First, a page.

- There is a purpose somewhere. I know this to be true, but is it really? Is God truly in control? And if so, why couldn’t he teach me in a less painful way? Why chronic pain? Why not a bit of suffering? For a month, say? Or even a year? I have struggled with these questions in many different forms over the years of my illness. Is it to teach me perseverance? Is it about patience? Is it to strengthen my faith? Is it to, somehow, help me fight temptation? Is it about being a good witness? Does he want me to help others? Is it about refining my character? Why choose this way to work on me? I have asked (and continue to do so) all of the above and more. I may not ever know the answer to my ‘why’ questions, but I am trusting in God’s character. He has a purpose, and I have to rest in that. These questions trouble me now, but will matter not one jot on the other side of glory.
- Looking to the example of others. Psalms 119, 10, 23, 121 are all perfect examples. We can do suffering well or badly. That’s the bottom line. We can’t outrun it. We can’t avoid it. Either way we will still be suffering. The Psalmists never hid their suffering from God. Instead, they opened up their woes to the Lord in searingly honest fashion. Indeed, what we see in the Psalms is the character of God reflected in the way his people deal with the troubles of life. We may see them wrestle and squirm but, invariably, we see God’s strength and comfort reflected in their weakness and suffering. It’s an encouragement to us when we read the Psalms knowing that, likewise, we too can ask God to help us do suffering well and be an example to fellow pilgrims passing through similar pains.
- Suffering increases our tolerance. “Consider it pure joy, my brothers and sisters, whenever you face trials of many kinds, because you know that the testing of your faith produces perseverance. Let perseverance finish its work so that you may be mature and complete, not lacking anything.” (James 1:2–4)
- Living in the hope of the ultimate salvation. We must learn to live life with the end game in mind. Life isn’t just about the here and now. We need to bring the hope of eternity to bear on our present pain. This hope—the hope of no more pain, sorrow, or tears, helps us to keep today in perspective.
“After this I looked, and there before me was a great multitude that no one could count, from every nation, tribe, people and language, standing before the throne and before the Lamb. They were wearing white robes and were holding palm branches in their hands. And they cried out in a loud voice: “Salvation belongs to our God, who sits on the throne, and to the Lamb.” All the angels were standing around the throne and around the elders and the four living creatures. They fell down on their faces before the throne and worshiped God, saying: “Amen! Praise and glory and wisdom and thanks and honor and power and strength be to our God for ever and ever. Amen!” Then one of the elders asked me, “These in white robes—who are they, and where did they come from?” I answered, “Sir, you know.” And he said, “These are they who have come out of the great tribulation; they have washed their robes and made them white in the blood of the Lamb. Therefore, “they are before the throne of God and serve him day and night in his temple; and he who sits on the throne will shelter them with his presence. ‘Never again will they hunger; never again will they thirst. The sun will not beat down on them,’ nor any scorching heat. For the Lamb at the center of the throne will be their shepherd; ‘he will lead them to springs of living water.’ ‘And God will wipe away every tear from their eyes.’” (Revelation 7:9–17)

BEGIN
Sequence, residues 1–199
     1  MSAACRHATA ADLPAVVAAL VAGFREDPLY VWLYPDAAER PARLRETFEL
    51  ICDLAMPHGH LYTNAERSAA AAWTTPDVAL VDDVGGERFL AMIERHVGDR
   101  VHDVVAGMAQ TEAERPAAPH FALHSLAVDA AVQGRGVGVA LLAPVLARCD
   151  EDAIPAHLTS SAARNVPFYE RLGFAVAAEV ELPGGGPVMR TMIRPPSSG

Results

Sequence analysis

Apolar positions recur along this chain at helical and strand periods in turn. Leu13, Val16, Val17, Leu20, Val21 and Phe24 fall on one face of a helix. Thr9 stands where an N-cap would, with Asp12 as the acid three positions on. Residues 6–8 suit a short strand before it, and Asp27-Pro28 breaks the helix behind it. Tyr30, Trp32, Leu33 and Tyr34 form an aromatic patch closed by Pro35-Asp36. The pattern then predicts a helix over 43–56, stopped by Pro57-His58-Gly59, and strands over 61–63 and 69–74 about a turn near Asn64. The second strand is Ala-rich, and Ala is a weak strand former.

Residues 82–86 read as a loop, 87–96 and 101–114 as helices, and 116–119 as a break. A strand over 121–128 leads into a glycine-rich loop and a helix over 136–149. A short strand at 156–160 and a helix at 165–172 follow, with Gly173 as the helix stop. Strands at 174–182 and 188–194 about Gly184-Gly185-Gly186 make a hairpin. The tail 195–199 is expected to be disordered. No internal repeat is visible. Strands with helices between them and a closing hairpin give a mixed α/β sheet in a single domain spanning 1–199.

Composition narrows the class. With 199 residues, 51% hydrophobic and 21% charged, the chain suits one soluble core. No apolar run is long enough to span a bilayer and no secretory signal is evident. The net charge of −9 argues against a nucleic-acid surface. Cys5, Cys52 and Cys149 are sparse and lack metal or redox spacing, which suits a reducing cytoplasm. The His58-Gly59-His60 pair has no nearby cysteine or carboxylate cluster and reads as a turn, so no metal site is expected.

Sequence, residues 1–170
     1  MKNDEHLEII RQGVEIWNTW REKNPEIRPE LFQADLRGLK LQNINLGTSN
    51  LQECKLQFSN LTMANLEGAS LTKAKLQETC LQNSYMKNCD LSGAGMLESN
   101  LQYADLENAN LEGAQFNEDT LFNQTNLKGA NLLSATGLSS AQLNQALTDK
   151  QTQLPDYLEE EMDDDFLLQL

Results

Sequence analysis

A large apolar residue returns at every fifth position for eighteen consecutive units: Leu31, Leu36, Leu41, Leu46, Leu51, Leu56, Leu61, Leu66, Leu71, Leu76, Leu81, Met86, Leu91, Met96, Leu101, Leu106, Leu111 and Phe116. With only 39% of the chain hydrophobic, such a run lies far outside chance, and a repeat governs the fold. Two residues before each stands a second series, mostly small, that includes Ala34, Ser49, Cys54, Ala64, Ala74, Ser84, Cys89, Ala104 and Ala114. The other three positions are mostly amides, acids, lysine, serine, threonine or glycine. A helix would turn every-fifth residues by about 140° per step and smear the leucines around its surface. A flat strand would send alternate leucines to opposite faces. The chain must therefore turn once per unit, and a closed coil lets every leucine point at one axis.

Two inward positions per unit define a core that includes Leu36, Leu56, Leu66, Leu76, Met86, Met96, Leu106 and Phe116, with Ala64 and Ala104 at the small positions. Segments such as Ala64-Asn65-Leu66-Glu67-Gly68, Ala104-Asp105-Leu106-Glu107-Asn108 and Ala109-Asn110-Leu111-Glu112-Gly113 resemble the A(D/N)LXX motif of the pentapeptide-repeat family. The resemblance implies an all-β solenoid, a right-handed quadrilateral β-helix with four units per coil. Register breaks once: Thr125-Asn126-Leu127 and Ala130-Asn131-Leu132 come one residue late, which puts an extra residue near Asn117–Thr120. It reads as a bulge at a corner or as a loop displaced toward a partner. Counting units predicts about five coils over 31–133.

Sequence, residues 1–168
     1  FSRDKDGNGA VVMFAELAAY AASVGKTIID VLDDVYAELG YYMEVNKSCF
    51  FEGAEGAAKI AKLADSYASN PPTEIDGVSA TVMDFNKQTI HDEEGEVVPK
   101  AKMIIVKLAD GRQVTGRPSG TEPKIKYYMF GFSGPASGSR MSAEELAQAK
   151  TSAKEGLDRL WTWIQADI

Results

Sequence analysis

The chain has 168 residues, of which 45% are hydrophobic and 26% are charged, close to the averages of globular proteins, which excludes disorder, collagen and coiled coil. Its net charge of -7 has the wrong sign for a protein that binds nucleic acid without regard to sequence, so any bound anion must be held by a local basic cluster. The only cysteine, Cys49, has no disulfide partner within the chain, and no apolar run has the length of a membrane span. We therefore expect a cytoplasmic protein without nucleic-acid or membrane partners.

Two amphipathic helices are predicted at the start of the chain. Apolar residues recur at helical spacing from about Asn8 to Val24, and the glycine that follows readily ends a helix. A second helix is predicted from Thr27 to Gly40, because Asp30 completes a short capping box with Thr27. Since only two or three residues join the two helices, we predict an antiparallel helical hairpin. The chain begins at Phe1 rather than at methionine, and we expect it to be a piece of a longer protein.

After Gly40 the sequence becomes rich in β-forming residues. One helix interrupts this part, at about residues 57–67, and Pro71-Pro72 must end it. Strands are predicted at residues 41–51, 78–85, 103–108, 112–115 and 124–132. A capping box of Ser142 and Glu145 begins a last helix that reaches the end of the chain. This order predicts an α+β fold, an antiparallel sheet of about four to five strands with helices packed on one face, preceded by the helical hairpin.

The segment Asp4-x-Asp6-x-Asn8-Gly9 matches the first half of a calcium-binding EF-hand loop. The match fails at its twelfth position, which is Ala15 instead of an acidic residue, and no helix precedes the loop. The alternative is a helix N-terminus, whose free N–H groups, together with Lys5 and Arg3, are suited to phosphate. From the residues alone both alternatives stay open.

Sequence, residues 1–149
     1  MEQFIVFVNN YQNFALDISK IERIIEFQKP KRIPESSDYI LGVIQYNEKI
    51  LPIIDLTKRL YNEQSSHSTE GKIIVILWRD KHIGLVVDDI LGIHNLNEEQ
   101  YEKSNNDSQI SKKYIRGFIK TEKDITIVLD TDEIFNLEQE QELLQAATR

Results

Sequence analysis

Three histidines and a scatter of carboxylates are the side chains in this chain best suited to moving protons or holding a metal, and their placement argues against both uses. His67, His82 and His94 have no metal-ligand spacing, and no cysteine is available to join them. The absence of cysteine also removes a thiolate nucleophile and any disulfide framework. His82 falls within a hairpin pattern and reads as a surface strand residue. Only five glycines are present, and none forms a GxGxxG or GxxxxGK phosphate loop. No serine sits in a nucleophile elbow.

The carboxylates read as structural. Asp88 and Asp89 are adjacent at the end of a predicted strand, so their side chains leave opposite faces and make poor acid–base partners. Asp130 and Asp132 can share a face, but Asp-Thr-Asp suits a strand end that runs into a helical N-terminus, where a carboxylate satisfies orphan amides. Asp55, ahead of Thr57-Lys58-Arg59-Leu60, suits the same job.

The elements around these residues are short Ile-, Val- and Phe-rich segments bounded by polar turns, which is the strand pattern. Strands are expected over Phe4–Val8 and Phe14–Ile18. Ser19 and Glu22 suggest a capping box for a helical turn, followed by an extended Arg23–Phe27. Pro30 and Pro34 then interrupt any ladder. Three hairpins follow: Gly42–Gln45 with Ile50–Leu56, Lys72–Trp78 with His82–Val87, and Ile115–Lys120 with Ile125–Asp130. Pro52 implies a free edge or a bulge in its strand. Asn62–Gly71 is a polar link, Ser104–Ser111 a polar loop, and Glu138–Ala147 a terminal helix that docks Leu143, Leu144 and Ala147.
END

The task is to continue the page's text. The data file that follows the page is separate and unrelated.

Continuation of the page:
- Finally, Look for God's help in the local church. We can all have a part to play, not only as we pray effectively for those suffering, but by speaking words of encouragement into each other’s lives as a worshipping community. Suffering is painful. It is depressing. It is draining. It is more so if we do it alone. Suffering is, in all truth, a community affair. We can help one another practically even if we can’t speak directly to the pain. We can lift one another’s burdens even if we can’t exactly empathise with a particular situation. We can make life a little easier for one another. The challenge I found, at least in the early days, was taking the help on offer. Too often God sends help and we refuse to take it because of our pride. Yet, we continue to keep on praying for his intervention! How frustrating we must be when we ask for deliverance but we don’t like the packaging it arrives in.
Here is a truth worth thinking about today: our pain may be bringing about a deep healing in our souls over time. It may also be used for the benefit of brothers and sisters in our local church as they find deep hope and blessing in ministering to us. None of it will go to waste. God won’t let one tear fall or one spasm come without an unseen, redemptive purpose.
Grace & Peace.